The plantar fascia is a strong, relatively inflexible, fibrous ligament band that runs through the bottom of the foot. That band helps to keep the complex arch system of the foot, absorb shock, plays
a role in body balance and in the various phases of gait. The band transmits your weight across the bottom of the foot with each step you take. When the heel of the trailing leg starts to get off the
ground, the band bears tension that is approximately twice the body weight. The tension on the band at this moment is even greater if the calf muscles are not flexible enough.
Plantar fasciitis occurs because of irritation to the thick ligamentous connective tissue that runs from the heel bone to the ball of the foot. This strong and tight tissue contributes to maintaining
the arch of the foot. It is also one of the major transmitters of weight across the foot as you walk or run. Therefore, the stress placed on the this tissue is tremendous.
The symptoms of plantar fasciitis are pain on the bottom of the heel, pain in the arch of the foot, pain that is usually worse upon arising, pain that increases over a period of months. People with
plantar fasciitis often describe the pain as worse when they get up in the morning or after theyâve been sitting for long periods of time. After a few minutes of walking the pain decreases, because
walking stretches the fascia. For some people the pain subsides but returns after spending long periods of time on their feet.
If you see a doctor for heel pain, he or she will first ask questions about where you feel the pain. If plantar fasciitis is suspected, the doctor will ask about what activities you've been doing
that might be putting you at risk. The doctor will also examine your foot by pressing on it or asking you to flex it to see if that makes the pain worse. If something else might be causing the pain,
like a heel spur or a bone fracture, the doctor may order an X-ray to take a look at the bones of your feet. In rare cases, if heel pain doesn't respond to regular treatments, the doctor also might
order an MRI scan of your foot. The good news about plantar fasciitis is that it usually goes away after a few months if you do a few simple things like stretching exercises and cutting back on
activities that might have caused the problem. Taking over-the-counter medicines can help with pain. It's rare that people need surgery for plantar fasciitis. Doctors only do surgery as a last resort
if nothing else eases the pain.
Non Surgical Treatment
If you protect your injured plantar fascia appropriately the injured tissues will heal. Inflammed structures will settle when protected from additional damage, which can help you avoid long-standing
degenerative changes. Plantar fasciitis may take from several weeks (through to many months) to heal while we await Mother Nature to form and mature the new scar tissue, which takes at least six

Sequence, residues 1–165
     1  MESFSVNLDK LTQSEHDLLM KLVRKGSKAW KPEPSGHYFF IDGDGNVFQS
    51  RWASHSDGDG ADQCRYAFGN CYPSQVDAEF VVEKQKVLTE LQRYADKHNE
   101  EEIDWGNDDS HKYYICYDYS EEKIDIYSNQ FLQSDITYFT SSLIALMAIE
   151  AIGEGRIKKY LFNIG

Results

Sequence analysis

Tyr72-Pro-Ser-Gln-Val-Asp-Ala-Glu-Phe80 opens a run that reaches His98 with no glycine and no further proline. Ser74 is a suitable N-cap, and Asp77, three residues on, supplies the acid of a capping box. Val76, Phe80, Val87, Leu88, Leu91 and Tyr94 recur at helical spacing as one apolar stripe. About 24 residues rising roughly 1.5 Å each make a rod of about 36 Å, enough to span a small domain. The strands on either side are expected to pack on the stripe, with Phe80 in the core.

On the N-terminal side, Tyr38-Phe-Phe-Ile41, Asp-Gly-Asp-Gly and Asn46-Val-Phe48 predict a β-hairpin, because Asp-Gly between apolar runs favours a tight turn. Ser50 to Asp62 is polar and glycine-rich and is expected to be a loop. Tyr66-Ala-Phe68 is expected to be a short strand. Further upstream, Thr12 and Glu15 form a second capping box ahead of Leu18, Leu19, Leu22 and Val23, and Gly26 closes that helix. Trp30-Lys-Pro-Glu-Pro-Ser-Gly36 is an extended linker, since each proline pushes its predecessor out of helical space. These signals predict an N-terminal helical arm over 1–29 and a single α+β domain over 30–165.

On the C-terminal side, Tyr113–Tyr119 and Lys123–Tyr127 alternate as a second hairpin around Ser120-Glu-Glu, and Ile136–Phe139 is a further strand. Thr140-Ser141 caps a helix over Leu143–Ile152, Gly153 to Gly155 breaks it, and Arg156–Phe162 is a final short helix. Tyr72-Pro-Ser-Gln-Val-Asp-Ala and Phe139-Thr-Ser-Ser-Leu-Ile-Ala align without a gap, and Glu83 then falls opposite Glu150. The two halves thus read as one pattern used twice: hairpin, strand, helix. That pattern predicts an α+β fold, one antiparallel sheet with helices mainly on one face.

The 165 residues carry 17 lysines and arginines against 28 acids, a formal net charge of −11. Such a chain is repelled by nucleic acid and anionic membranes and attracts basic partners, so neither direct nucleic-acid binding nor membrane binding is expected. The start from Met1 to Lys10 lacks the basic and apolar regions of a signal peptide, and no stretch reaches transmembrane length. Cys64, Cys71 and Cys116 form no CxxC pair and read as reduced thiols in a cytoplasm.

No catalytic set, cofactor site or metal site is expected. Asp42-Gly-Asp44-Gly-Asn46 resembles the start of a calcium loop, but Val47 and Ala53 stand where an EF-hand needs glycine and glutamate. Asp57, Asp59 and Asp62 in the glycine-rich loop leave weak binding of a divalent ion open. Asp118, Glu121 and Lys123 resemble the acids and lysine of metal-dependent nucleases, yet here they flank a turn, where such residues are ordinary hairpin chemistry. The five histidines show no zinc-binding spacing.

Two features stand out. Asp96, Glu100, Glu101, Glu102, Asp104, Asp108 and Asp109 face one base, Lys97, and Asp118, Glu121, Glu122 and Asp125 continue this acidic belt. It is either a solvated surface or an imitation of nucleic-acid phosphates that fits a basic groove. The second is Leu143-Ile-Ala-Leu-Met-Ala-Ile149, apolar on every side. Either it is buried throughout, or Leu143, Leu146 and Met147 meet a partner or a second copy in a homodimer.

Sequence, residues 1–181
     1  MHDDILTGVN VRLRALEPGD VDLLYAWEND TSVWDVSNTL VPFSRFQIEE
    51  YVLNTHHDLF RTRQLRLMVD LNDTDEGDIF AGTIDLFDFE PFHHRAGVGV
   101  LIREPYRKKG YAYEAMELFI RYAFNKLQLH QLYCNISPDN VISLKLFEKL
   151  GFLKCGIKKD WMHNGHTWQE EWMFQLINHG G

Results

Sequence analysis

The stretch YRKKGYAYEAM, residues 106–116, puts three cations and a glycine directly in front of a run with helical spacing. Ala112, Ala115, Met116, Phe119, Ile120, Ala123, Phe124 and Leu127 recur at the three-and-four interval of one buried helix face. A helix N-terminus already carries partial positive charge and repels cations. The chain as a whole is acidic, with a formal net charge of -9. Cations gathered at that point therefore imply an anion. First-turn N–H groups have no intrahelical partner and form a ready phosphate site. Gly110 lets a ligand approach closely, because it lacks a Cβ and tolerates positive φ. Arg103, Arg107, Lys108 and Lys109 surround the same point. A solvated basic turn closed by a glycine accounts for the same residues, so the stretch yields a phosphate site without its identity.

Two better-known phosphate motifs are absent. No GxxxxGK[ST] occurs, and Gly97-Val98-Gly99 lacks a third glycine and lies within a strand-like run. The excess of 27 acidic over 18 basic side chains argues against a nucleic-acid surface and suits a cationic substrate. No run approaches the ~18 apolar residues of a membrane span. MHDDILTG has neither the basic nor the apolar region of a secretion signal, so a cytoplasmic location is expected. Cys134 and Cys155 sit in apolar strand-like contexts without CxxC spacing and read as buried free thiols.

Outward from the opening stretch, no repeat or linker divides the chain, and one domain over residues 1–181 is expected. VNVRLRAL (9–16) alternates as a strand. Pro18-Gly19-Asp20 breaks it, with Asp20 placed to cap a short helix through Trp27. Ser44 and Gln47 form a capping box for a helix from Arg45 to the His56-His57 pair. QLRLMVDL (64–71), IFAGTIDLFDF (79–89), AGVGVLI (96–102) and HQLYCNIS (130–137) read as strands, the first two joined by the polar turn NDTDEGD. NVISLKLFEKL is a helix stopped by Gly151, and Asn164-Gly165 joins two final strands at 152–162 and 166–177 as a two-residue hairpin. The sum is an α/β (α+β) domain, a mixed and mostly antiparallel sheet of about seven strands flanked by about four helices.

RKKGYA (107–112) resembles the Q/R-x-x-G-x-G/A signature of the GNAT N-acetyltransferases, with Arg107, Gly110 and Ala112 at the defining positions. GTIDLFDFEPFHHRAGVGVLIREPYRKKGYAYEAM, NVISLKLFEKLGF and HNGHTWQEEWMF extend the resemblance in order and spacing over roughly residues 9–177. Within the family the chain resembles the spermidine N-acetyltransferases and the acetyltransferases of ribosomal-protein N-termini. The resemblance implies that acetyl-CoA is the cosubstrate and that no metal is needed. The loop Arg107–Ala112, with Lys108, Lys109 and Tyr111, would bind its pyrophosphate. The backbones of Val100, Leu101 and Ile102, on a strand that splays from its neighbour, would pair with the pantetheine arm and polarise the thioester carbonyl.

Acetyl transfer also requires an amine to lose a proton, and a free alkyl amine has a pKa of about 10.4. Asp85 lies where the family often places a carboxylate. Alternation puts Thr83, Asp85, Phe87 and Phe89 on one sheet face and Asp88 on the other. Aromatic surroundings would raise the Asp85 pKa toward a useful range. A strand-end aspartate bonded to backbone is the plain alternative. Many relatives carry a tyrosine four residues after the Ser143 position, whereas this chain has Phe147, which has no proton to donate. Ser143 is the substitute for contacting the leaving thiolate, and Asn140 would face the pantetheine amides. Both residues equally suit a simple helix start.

weeks. During this time period you should be aiming to optimally remould your scar tissue to prevent a poorly formed scar that may become lumpy or potentially re-tear in the future. It is important
to lengthen and orientate your healing scar tissue via massage, gentle stretches, and light active exercises. In most cases, your physiotherapist will identify stiff joints within your foot and ankle
complex that they will need to loosen to help you avoid plantar fascia overstress.A sign that you may have a stiff ankle joint can be a limited range of ankle bend during a squat manoeuvre. Your
physiotherapist will guide you.
Surgery is usually not needed for plantar fasciitis. About 95 out of 100 people who have plantar fasciitis are able to relieve heel pain without surgery. Your doctor may consider surgery if
non-surgical treatment has not helped and heel pain is restricting your daily activities. Some doctors feel that you should try non-surgical treatment for at least 6 months before you consider
surgery. The main types of surgery for plantar fasciitis are Plantar fascia release. This procedure involves cutting part of the plantar fascia ligament . This releases the tension on the ligament
and relieves inflammation . Other procedures, such as removing a heel spur or stretching or loosening specific foot nerves. These surgeries are usually done in combination with plantar fascia release
when there is lasting heel pain and another heel problem. Experts in the past thought that heel spurs caused plantar fasciitis. Now experts generally believe that heel spurs are the result, not the
cause, of plantar fasciitis. Many people with large heel spurs never have heel pain or plantar fasciitis. So surgery to remove heel spurs is rarely done.
Stretching exercises for the Achilles tendon and plantar fascia are recommend to relieve pain and aid in the healing process. Sometimes application of athletic tape is recommended. In moderate or
severe cases of plantar fasciitis, your doctor may recommend you wearing a night splint, which will stretch the arch of your foot and calf while you sleep. This helps to lengthen the Achilles tendon
and plantar fascia for symptom relief. Depending on the severity of your plantar fasciitis, your physician may prescribe a store-bought orthotic (arch support) or custom-fitted orthotic to help
distribute your foot pressure more evenly.